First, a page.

Most galas make time for remarks from artists and auctioneers, but maybe only one seems a sensible setting for a mic drop by an astronaut. Not an actual mic drop—he was too reserved for that, as befits someone who has successfully traveled to and from space—but an actual astronaut: Mike Massimino, who took the stage last night to lavish praise on the expansive Brooklyn arts center Pioneer Works.
The institution’s annual “Village Fete” benefit began with mingling in a 25,000-square-foot former iron-works factory and, outside, in an idyllic garden hidden within the post-industrial neighborhood of Red Hook. A fire pit roared in front of strange arrangements of Victorian-era furniture while outdoor oysters were slurped and partygoers peered into an Airstream. Back inside, seats were taken to the sounds of an ancient Greek lullaby sung before Fab 5 Freddy stepped up and assumed his duties as MC—“in Brooklyn,” he said, “where I was born, bred, and collard-green-fed, from do-or-die Bed-Stuy.”
Dustin Yellin—founder and director of Pioneer Works and its ginger-bearded ambassador—conceded that “it’s really hard to explain” what his art-and-technology enterprise does and then rattled off a list of touchstones ranging from artist-residency programs and studio services to a dedicated science department and ambitions to court communities outside the realms of art. “Museums cost $25 now—that ain’t accessible,” Yellin said.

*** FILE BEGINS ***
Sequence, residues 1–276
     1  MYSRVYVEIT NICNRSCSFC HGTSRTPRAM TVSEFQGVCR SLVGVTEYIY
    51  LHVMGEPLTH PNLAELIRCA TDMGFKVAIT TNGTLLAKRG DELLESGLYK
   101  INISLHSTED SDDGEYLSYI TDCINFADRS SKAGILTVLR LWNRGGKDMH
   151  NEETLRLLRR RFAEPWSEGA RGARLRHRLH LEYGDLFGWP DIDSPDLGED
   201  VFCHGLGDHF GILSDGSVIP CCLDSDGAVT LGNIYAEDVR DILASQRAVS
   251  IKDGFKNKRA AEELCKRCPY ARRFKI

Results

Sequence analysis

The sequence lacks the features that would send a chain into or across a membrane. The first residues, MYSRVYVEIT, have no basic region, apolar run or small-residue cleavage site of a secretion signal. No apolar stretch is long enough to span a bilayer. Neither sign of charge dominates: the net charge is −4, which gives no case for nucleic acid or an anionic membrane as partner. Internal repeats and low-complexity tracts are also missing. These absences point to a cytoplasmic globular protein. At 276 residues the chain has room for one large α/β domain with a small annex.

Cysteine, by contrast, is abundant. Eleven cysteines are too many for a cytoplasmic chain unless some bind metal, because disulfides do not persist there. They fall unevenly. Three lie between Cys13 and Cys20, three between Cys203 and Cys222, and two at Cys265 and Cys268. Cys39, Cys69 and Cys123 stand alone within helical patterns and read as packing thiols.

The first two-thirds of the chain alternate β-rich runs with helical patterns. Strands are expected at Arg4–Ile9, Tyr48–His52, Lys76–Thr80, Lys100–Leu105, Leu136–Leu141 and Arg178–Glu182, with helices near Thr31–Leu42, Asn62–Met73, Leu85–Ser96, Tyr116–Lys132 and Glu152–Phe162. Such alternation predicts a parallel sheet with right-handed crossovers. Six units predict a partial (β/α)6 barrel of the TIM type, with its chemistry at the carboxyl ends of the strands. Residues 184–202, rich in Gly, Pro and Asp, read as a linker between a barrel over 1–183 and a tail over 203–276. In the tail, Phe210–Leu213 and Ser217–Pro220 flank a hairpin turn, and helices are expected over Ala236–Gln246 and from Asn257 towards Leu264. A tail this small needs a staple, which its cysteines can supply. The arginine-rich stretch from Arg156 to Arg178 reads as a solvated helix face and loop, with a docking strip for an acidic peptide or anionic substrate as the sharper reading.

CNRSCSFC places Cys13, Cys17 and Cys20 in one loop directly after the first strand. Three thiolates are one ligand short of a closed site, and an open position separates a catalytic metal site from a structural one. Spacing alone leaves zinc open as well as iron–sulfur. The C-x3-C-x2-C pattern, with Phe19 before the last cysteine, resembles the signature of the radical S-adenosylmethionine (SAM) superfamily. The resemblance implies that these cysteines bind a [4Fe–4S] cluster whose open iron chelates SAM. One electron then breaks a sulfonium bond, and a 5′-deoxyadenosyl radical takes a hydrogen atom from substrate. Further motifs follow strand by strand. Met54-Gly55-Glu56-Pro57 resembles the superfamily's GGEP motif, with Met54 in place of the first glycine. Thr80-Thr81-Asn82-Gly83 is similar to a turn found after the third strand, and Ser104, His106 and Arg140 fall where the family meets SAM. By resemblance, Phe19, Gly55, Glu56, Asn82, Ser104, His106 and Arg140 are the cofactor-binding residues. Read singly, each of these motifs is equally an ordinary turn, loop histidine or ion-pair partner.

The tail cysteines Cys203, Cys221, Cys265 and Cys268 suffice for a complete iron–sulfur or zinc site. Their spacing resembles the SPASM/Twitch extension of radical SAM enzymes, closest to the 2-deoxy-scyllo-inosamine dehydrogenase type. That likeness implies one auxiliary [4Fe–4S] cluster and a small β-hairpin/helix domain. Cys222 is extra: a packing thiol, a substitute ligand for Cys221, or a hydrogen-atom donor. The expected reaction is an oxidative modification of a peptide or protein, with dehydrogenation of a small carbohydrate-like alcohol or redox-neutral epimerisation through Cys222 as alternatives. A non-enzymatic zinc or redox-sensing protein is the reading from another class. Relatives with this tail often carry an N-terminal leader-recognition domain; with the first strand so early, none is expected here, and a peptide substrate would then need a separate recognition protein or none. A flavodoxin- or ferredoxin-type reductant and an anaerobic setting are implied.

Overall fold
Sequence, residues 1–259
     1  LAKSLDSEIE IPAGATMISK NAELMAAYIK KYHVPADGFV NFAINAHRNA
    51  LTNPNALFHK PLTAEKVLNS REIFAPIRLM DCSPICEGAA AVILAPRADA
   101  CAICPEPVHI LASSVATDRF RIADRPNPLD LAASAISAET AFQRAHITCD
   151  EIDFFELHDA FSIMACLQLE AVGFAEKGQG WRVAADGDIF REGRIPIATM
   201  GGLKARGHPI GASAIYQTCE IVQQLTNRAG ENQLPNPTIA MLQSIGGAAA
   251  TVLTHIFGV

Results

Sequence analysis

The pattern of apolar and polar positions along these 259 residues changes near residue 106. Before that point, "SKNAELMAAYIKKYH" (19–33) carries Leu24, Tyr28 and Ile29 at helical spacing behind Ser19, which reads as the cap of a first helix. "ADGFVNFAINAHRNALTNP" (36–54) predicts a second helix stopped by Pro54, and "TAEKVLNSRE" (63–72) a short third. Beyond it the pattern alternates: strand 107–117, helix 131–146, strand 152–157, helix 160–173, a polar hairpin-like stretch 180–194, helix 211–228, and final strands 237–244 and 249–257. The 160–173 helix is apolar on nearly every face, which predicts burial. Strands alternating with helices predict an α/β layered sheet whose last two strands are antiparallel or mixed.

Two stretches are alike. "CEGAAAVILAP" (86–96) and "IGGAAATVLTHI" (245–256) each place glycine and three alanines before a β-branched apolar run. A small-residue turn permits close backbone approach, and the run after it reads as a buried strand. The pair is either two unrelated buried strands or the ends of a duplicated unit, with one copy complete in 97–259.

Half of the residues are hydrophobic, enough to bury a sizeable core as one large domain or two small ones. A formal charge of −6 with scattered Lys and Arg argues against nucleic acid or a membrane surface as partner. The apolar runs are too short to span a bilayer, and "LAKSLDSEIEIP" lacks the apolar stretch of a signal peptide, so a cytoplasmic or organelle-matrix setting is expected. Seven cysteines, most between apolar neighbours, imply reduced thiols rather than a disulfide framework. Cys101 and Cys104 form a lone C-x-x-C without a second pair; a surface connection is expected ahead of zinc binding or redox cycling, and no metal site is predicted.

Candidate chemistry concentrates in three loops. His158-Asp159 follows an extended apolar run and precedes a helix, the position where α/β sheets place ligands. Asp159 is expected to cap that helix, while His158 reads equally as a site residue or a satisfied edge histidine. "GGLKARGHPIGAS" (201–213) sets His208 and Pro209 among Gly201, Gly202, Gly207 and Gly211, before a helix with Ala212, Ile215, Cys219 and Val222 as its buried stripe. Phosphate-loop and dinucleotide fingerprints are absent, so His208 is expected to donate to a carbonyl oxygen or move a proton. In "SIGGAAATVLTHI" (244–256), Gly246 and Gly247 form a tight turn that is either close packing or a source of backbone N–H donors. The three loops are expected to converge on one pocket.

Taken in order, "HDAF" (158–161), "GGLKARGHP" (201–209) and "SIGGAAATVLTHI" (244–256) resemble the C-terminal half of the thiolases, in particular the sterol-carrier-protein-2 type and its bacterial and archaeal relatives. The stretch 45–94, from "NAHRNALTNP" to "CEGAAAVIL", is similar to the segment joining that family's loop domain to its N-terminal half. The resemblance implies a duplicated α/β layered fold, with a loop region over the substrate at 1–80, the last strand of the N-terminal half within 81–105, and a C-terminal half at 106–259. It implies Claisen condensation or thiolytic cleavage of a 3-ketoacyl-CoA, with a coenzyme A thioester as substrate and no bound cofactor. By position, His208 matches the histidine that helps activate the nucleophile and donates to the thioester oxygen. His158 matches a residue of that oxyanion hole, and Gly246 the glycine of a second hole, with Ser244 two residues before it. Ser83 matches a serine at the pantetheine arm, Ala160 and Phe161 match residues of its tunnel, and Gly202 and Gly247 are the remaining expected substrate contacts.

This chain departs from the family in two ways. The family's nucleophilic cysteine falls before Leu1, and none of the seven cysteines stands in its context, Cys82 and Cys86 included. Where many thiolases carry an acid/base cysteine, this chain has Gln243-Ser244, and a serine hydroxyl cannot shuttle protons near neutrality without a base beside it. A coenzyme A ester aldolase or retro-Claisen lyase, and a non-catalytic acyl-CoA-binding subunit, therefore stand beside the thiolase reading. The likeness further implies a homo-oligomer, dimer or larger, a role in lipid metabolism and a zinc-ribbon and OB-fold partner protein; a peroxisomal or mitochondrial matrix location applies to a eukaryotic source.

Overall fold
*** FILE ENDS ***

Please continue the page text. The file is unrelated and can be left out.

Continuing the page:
Janna Levin, director of Pioneer Works’ increasingly formidable science efforts, followed, talking about time logged by a certain someone in the Great Beyond. “I bet nobody else here has been to space,” Levin said. As attention turned to the one dinner guest who had, someone picking over a delicate salad yelled out, “Astronauts are art!” Massimino, a NASA veteran whose journeys include two Space Shuttle missions to tend the Hubble Space Telescope, seemed to like the designation. “Thank you,” he said—“I’ll pass that along to my friends.”
The collective sense of perspective changed to external visions of a planet that we’d be wise to appreciate before the rest of dinner commenced and, afterward, the event turned to party time. Music blared as tequila flowed in cocktails specially concocted by bartenders from the beloved nearby restaurant Fort Defiance, dressed for the occasion in a bizarre sort of Ghostbusters-style garb with spray tanks on their backs. A long line moved steadily for aura photographs taken inside a geodesic dome by Christina Lonsdale, a Portland, Oregon–based artist behind the roving photo project Radiant Human. Dancing and generalized kinds of freaking-out accompanied the sounds of EXO-TECH, a worldly (and post-worldly) band featuring Kimbra and Sophia Brous. Spirits were moving—and moved.